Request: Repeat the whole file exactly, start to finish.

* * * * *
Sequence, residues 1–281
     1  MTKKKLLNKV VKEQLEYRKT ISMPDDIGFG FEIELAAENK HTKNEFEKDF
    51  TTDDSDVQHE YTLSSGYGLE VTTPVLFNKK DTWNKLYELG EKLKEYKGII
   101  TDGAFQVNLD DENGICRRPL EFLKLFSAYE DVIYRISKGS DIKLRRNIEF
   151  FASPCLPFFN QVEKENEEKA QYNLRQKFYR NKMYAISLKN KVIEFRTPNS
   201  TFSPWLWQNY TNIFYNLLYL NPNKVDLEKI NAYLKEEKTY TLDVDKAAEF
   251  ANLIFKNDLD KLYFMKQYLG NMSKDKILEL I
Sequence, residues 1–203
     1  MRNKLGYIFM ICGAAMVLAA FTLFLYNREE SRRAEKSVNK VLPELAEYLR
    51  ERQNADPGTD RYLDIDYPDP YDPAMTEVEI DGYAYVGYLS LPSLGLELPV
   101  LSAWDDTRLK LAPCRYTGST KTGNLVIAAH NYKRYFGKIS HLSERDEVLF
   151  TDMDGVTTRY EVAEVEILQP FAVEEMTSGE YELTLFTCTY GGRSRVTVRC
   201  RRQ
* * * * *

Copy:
Sequence, residues 1–281
     1  MTKKKLLNKV VKEQLEYRKT ISMPDDIGFG FEIELAAENK HTKNEFEKDF
    51  TTDDSDVQHE YTLSSGYGLE VTTPVLFNKK DTWNKLYELG EKLKEYKGII
   101  TDGAFQVNLD DENGICRRPL EFLKLFSAYE DVIYRISKGS DIKLRRNIEF
   151  FASPCLPFFN QVEKENEEKA QYNLRQKFYR NKMYAISLKN KVIEFRTPNS
   201  TFSPWLWQNY TNIFYNLLYL NPNKVDLEKI NAYLKEEKTY TLDVDKAAEF
   251  ANLIFKNDLD KLYFMKQYLG NMSKDKILEL I
Sequence, residues 1–203
     1  MRNKLGYIFM ICGAAMVLAA FTLFLYNREE SRRAEKSVNK VLPELAEYLR
    51  ERQNADPGTD RYLDIDYPDP YDPAMTEVEI DGYAYVGYLS LPSLGLELPV
   101  LSAWDDTRLK LAPCRYTGST KTGNLVIAAH NYKRYFGKIS HLSERDEVLF
   151  TDMDGVTTRY EVAEVEILQP FAVEEMTSGE YELTLFTCTY GGRSRVTVRC
   201  RRQ